Q. We see that Tamil leaders like Mr Sampanthan and Wigneswaran are in the 1950s to 70s mindset. They want the devolution of power and a separate state. But with this constitution making process, this whole idea of trying to divide the country into eight or nine separate units is not going to work out in practice because each province has its own minorities who don’t relish the idea of being under a different majority community in the province especially in a situation where the provincial administrations are going to be vested with powers bordering on independent states. In the Eastern Province, the Muslims are now the majority community with Tamils being just over one third of the population. If the north and east are not merged, the devolution of power will not be to the advantage of even the Tamil people of the East. It is due to the resistance of communities that will be affected when they become minorities within all powerful federal units that this constitution making process has come a cropper.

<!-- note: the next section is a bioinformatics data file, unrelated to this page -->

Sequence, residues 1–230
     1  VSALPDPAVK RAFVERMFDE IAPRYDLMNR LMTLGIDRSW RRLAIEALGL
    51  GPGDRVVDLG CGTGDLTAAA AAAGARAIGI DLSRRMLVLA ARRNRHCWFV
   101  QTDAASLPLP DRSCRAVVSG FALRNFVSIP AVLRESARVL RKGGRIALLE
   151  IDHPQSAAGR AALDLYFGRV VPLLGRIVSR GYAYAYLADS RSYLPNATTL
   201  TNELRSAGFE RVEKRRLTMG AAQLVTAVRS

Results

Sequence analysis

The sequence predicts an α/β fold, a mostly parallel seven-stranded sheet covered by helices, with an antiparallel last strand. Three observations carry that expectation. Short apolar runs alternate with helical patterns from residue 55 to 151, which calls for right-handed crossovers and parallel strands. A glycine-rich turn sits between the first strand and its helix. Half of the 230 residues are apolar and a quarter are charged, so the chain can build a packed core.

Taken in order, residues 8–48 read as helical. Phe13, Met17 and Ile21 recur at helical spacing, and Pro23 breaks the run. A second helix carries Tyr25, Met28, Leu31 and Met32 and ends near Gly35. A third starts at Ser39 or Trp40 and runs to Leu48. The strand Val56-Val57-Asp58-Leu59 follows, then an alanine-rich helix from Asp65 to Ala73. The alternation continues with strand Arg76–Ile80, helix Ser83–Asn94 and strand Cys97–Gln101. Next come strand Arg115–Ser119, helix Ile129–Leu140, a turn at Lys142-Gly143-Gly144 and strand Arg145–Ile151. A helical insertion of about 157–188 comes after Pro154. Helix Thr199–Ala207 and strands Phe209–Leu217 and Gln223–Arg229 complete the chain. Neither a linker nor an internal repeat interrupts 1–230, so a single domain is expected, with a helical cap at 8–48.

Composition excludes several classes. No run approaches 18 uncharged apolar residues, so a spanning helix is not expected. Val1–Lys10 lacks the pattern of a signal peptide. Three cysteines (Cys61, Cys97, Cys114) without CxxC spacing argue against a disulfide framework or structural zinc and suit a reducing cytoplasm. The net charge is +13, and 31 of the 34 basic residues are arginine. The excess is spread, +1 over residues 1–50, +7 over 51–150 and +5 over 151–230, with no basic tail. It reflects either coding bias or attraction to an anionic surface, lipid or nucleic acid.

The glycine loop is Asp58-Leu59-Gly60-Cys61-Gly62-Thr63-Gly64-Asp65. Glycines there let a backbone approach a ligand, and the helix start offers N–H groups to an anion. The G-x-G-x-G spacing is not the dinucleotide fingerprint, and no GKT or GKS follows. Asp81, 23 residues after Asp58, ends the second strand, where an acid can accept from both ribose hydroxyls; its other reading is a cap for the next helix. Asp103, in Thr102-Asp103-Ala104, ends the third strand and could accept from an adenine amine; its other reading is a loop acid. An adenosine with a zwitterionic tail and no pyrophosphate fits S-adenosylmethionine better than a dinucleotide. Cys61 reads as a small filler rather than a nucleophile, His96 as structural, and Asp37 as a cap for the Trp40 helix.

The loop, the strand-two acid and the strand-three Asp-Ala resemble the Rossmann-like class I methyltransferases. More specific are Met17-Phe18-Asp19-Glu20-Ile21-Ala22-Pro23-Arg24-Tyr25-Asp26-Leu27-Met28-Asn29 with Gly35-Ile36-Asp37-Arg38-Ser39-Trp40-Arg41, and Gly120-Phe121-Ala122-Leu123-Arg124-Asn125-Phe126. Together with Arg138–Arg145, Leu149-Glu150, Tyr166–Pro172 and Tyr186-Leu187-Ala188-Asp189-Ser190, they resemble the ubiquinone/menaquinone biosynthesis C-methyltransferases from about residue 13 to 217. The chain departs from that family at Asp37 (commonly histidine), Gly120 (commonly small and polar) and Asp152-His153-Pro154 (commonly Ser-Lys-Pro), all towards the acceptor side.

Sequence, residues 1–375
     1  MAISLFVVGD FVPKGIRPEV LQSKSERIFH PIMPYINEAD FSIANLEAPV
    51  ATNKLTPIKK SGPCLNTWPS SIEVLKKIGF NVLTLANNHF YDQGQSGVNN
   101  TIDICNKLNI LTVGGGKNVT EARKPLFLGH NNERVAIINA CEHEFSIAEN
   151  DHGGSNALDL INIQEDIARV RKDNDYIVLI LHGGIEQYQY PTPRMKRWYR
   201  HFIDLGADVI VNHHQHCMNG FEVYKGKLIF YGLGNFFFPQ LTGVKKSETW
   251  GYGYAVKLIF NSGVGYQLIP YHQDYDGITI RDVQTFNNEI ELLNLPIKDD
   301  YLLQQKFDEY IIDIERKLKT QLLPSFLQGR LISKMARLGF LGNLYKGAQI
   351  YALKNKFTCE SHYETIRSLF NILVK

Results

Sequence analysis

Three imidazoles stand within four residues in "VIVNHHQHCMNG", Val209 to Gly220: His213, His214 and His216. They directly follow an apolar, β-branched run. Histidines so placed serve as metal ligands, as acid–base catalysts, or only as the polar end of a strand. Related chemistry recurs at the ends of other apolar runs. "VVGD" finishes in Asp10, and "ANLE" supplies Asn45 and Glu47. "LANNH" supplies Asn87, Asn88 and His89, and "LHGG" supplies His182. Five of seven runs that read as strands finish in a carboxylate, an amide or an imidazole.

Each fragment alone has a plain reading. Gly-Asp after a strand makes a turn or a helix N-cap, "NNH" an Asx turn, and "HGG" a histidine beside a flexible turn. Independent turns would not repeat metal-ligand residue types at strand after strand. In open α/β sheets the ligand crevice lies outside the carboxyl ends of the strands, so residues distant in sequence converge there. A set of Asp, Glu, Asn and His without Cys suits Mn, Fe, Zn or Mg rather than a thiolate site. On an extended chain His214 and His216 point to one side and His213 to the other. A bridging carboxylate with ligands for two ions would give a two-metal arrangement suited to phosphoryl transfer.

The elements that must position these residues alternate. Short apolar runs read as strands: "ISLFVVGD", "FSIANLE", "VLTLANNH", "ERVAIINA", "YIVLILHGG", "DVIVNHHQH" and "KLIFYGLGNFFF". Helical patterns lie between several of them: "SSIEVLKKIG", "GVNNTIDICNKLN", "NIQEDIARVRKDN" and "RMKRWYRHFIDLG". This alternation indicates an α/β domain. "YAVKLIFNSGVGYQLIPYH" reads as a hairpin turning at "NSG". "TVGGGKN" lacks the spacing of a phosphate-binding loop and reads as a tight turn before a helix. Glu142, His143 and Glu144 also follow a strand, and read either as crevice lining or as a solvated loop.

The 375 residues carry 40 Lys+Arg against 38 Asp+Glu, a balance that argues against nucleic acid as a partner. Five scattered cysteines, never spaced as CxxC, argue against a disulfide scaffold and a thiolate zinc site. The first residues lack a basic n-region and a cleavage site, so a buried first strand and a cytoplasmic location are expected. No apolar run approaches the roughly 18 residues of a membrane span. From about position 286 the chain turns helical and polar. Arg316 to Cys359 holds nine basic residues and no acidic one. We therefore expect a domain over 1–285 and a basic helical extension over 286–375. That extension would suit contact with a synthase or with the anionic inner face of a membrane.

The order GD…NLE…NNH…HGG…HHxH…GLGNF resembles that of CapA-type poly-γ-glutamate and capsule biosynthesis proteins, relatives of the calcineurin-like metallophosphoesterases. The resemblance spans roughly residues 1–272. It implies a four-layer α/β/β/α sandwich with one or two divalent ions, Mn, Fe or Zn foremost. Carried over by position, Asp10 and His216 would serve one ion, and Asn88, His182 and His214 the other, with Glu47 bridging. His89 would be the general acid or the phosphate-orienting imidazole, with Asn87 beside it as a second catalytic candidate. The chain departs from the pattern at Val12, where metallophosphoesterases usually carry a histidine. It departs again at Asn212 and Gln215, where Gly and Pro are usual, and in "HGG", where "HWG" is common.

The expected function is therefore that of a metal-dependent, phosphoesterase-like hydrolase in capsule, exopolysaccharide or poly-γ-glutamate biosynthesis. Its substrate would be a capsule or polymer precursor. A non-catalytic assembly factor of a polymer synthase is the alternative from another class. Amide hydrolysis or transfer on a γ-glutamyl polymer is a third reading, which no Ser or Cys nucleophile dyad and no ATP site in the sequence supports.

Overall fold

A. In 2015, the TNA promised the Tamils that the Northern and Eastern Provinces will be merged. That promise no longer seems practicable. If the Sri Lankan state allows the Northern and Eastern Provinces to be merged, they are automatically conceding this concept of a Tamil homeland. The realities in the country are however, different. We don’t have natural boundaries, this is one unified country. If you take the Mahaweli river, it starts in one province and ends in another. Devolving power on the basis of ethnicity, is a slippery slope to nowhere. I think the TNA knows that this is a futile project that will be rejected in the country. But what they want to see is an electoral map where seven provinces will vote against the constitution and the northern and eastern provinces vote for it, so that they can take that result and canvass the Western world to achieve their political objectives.